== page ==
Now it is being reported that the FDA is going to require drug companies to expand antidepressant warning labels to include increased suicide risk for young adults. Warning labels--first required in 2004--apply only to children and adolescents currently. An FDA review, released last week, of more than 372 studies of 11 drugs, including Zoloft, Prozac, Paxil and Lexapro, showed that the drugs may increase the risk of suicidal thoughts and suicide attempts among adults younger than 25. The study found that 4 percent of 18- to 24-year-olds who took the drugs reported suicidal thoughts or suicide attempts, as opposed to 2 percent of patients who took a placebo. What's more is that it is being reported that because these drugs make the person feel a bit better (deemed 'the rollback phenomenon"), that they then have the ability to actually carry out their suicidal intentions.
"If you have a very depressed unhappy person and you start them on medicine, the first one or two weeks on therapy when they're feeling a little better is when they're at highest risk of wanting to kill themselves," child psychiatrist Adelaide Robb told the NewsHour in a 2004 interview.Labelling is one thing, but perhaps we ought not be dispensing this poison to our kids in the first place. Whatever happened to teaching people how to cope with their problems? The fact that we have preservatives, additives, and other garbage in our food supply (as well as the vaccines we are pumping into our kids' arms), which are creating havoc with our brains and nervous systems is something that we (and the FDA) ought to be addressing. We have major problems surfacing with these psychotropic medications, and black box labels will not make them go away. What's worse is that prenatal and postpartum depression are getting press and this has severe implications for moms to be, their unborn children, and new moms as well.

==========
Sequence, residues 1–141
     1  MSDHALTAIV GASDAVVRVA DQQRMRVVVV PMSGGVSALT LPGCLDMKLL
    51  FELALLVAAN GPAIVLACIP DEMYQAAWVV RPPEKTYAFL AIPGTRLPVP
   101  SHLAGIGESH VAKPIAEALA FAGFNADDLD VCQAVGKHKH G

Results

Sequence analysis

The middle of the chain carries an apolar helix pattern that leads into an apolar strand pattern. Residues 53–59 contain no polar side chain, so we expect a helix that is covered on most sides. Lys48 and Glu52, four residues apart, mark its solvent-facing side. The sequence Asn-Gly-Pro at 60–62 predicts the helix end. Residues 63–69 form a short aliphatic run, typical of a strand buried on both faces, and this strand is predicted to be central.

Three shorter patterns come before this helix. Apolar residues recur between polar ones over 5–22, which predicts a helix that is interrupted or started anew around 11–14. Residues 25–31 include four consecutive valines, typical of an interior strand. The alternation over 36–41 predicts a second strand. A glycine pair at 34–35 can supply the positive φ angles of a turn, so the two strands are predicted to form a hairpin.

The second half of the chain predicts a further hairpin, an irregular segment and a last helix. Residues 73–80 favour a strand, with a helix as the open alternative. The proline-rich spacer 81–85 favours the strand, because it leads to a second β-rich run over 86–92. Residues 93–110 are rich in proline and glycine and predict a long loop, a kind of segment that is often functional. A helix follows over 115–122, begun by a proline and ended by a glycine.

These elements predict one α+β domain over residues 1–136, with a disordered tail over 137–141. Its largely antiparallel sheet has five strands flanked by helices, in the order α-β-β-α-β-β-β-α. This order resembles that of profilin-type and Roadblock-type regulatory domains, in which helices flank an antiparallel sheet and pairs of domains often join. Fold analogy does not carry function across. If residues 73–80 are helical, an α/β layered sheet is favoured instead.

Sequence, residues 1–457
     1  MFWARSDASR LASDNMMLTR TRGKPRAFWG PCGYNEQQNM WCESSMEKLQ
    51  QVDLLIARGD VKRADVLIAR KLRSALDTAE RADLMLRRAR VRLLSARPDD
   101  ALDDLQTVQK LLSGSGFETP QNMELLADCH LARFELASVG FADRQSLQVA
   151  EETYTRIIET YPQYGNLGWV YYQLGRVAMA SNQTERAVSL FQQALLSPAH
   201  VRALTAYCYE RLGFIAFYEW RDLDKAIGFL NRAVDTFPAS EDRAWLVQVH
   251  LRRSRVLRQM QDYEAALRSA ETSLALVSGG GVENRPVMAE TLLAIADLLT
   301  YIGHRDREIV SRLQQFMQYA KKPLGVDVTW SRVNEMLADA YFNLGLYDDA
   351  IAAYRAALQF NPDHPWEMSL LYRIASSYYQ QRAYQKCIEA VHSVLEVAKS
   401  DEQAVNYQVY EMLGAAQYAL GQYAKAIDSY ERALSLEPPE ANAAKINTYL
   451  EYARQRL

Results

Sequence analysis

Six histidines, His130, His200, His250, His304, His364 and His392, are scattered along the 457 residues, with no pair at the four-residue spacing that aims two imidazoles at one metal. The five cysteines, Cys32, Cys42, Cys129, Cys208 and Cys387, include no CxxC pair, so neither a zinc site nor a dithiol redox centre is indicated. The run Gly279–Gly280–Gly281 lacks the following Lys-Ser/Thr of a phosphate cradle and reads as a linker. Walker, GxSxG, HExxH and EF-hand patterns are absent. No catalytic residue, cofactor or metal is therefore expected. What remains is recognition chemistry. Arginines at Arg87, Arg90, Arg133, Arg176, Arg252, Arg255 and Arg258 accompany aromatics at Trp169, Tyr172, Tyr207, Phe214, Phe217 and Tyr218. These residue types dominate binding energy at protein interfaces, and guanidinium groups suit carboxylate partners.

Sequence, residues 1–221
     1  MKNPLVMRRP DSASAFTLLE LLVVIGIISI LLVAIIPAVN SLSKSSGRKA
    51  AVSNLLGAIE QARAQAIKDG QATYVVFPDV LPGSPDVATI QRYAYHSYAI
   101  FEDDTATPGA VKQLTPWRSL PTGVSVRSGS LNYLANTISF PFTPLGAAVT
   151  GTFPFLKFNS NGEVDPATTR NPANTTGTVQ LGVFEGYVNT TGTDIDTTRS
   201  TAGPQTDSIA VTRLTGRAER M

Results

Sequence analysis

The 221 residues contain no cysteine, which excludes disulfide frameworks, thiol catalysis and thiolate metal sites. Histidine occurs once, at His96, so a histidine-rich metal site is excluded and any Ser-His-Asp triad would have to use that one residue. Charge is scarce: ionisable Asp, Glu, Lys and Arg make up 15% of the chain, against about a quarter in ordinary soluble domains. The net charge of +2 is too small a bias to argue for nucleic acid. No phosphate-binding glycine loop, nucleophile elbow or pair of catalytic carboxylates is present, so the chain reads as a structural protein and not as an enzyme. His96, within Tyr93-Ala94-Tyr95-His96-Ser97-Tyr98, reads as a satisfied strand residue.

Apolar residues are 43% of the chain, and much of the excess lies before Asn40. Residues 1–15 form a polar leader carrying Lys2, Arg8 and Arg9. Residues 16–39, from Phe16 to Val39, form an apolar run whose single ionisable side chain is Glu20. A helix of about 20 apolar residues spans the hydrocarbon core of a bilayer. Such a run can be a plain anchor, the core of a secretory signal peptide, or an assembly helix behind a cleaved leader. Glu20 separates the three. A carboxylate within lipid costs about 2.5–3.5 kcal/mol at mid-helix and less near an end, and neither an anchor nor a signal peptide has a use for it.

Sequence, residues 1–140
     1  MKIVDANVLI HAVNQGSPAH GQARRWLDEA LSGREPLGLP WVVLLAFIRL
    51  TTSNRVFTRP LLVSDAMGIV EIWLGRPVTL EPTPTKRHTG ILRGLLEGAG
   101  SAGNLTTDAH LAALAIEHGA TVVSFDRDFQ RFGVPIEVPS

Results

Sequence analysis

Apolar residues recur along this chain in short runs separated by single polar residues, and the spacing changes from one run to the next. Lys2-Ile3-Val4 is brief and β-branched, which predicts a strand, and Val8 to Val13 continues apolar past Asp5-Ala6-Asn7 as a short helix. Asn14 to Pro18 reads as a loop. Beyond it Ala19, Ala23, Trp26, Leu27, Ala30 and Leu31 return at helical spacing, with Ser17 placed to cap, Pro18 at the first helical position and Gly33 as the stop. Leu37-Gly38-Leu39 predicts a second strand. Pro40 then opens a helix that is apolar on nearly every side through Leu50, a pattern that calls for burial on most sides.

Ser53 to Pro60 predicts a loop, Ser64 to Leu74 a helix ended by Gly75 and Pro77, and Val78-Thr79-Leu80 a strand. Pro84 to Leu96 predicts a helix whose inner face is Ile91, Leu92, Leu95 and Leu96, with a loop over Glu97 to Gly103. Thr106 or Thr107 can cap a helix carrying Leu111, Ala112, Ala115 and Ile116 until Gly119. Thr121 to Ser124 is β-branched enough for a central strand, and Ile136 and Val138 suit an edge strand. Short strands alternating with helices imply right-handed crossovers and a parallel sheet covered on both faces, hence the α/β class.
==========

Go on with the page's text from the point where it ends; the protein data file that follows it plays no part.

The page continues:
"And the reason is they finally have enough energy to get out of bed and go to the store and buy the Tylenol or the razor blades. Not because the medicine makes them worse, but because the medicine makes them well enough to finally do it."
The facts are in: keep children, teens, young adults, and pregnant women away from psychotropic medication.